Tuesday, August 17, 2004

Creative Spaces 4: Phylicia Rashad's Nature Escape

I am really enjoying this series from All Things Considered. It is great to hear about where and creative people find their inspiration and solace. It is also great to be able to pick up this content directly from the web. I never seem to be in the car at the right time, so most of my NPR listening occurs right here at my computer.

Creative Spaces 4: Phylicia Rashad's Nature Escape

Also, NPR is now offering RSS feeds of its content.

Monday, August 16, 2004

Book: Career Warfare by David F. D'Alessandro

Career Warfare by David F. D'Alessandro

2004 McGraw-Hill

I guess I came across mention of this title in an issue of Fast Company, but I can't be sure. It seems like something they would feature in the magazine, though.

I wasn't that interested in this book initially, but it quickly grew on me. D'Alessandro (in partnership with Michele Owens) speaks from with an assured voice and what is, obviously, real-world experience. Even more, the book is filled with clear and illustrative examples of what can go wrong, and right, as you build your career.

I am happy to see a CEO focus on something of use to everyone instead of the usual accounts of how they crushed the competition and turned themselves and their shareholders into ultra-millionaires. Everyone works. Everyone has a boss and nearly everyone can benefit from this book.

D'Alessandro speaks about the need to "analyze" your boss into one of the 7 archetypes he has developed from his experiences. Are they a "Little League Parent" or a "Mentor"? A "Wastrel"? A "Pariah"? How can you identify the and how do you develop your career with, or in spite, of them. While you certainly want to judge people solely on the management skills, understanding the basic types can help to make you life easier.

The author's experiences and insights dovetail nicely with my own career experiences. I have seen almost all of the boss varieties he describes, both bad and good. It is always a reassuring to hear that you aren't the only person to have struggled with career issues.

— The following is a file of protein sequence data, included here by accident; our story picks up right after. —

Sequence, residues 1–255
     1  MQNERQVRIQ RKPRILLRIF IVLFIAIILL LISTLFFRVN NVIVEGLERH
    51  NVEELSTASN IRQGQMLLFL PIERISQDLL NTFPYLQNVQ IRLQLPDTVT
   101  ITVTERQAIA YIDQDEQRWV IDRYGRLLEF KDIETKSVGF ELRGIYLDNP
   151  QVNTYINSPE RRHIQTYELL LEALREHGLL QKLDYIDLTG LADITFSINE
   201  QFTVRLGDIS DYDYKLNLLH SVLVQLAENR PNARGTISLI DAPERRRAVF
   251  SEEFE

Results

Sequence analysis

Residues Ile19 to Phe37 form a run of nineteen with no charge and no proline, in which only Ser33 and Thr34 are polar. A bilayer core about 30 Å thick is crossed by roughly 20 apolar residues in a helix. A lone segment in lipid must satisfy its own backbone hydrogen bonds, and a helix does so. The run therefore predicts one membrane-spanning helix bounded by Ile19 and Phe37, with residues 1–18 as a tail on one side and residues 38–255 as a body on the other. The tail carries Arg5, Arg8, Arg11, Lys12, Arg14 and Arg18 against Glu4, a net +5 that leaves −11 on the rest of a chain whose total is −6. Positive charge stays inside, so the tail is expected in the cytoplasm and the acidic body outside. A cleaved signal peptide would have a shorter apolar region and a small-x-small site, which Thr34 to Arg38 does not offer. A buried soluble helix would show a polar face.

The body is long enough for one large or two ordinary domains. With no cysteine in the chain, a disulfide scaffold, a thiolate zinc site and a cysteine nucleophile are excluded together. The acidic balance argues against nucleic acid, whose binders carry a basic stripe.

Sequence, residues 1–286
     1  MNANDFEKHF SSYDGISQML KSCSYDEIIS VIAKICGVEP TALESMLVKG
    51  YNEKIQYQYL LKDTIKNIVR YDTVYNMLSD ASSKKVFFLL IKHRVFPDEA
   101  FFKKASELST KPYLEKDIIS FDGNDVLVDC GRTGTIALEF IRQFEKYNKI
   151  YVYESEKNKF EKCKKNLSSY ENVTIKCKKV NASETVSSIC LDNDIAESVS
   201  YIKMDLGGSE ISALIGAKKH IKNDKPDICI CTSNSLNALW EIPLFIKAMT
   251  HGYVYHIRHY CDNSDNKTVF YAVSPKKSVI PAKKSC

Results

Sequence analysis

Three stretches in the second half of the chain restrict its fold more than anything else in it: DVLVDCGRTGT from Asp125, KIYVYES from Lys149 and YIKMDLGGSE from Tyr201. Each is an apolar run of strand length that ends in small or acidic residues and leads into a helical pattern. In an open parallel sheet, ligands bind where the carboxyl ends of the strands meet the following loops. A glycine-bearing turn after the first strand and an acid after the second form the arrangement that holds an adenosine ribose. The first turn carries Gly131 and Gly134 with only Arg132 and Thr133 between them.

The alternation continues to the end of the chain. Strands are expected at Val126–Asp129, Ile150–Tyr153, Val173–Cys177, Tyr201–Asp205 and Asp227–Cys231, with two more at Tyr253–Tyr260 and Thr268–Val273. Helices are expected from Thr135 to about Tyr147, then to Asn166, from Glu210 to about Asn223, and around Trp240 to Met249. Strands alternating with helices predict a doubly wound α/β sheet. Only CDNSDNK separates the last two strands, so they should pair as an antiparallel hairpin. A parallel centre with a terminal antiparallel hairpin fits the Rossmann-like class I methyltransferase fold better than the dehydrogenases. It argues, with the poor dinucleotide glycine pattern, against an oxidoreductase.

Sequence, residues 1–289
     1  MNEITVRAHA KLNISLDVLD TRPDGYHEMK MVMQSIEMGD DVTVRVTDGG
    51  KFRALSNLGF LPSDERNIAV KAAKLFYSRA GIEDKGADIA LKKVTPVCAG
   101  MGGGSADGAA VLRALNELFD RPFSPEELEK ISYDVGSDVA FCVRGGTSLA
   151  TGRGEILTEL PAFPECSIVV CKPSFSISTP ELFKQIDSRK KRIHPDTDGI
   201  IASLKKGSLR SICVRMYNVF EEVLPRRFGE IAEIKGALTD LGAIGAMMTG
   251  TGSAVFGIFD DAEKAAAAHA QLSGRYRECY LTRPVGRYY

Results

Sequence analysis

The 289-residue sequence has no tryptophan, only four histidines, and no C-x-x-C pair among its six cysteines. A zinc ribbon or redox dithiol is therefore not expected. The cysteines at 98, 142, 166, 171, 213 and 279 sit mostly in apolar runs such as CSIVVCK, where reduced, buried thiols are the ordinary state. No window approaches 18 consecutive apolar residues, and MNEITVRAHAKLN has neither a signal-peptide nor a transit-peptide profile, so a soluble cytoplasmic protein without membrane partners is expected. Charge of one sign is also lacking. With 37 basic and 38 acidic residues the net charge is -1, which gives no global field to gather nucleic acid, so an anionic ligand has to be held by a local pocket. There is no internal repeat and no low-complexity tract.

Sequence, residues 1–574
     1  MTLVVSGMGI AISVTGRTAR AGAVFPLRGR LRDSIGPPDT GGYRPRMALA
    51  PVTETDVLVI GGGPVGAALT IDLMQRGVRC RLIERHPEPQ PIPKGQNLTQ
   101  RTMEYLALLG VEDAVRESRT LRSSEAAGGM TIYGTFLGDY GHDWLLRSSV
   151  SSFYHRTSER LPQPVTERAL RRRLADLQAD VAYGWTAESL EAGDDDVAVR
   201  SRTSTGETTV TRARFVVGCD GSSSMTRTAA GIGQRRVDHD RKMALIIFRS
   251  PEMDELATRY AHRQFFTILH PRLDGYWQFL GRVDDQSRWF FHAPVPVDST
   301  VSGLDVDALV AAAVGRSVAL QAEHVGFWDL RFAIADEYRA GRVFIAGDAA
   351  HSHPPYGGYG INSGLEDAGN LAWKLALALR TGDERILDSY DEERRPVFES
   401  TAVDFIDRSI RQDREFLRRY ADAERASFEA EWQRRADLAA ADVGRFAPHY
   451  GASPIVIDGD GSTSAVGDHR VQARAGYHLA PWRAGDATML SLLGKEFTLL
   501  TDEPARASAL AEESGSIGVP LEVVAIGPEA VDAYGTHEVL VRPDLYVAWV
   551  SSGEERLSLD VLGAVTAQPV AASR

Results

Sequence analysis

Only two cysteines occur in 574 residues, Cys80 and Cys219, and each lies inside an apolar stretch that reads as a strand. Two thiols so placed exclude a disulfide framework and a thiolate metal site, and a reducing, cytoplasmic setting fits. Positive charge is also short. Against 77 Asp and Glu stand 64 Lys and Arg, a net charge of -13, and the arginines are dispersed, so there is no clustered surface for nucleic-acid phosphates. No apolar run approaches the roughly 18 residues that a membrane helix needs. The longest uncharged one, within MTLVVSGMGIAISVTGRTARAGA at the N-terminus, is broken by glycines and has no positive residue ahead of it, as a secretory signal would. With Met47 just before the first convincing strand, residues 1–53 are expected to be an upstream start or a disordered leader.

Career Warfare is one of those books that should be given to every college student sometime around their junior year. I know I certainly would have been spared a lot of "hard knocks" learning had this book been available back in the early 80's. Reading this book could prepare new careerists for the realities that will face and give them a "leg up" into the working world.

Current managers can also benefit, as well. The book is an excellent way to do a "gut check" and see if you are really the manager you want to be. Idealistically, I would also recommend this book even the most experienced managers so they might recognize any bad habits they might have adopted over the years and seek to correct them, even at this late date.

D'Alessandro gives some excellent advice for "getting along" in troublesome work environments, but shares my assessment that there are times when you should never compromise your ethics. It is always better to find a new job than find yourself under investigation. Being out of work damages your personal brand much less than becoming a convicted felon. Ask Martha Stewart.

Overall, this book was an easy and engaging read. One that reinforced my own experience and beliefs, yet also elicited new thoughts and concepts on what it means to have a career.

Highly recommended.

Windows XP Service Pack 2 (SP2) is on its way!

Very soon, a major update of Microsoft Windows will appear in the Windows Update panel of your computer.

This update is designed to address a large number of bugs and security issues in the current version of Windows XP.

Due to the extensive nature of the changes involved, I suggest your take note of these 3 web pages that offer detailed information on what will change under SP2.

It is hoped that the SP2 upgrades go smoothly for everyone, but there might be some issues which we will have to address after the initial upgrade.

Thanks to Sam Anderson at Nights N Weekends for sharing his best links for SP2 information.

WEB: All Consuming

AllConsuming.net is a great site that tracks the books currently being discussed on the Internet. It has helped me discover some very interesting books, in some very esoteric areas, over the last year.

You can visit the web page or subscribe to a variety of RSS feeds. The feeds are a great solution as I can watch the books passing through the site, without visiting the site every day.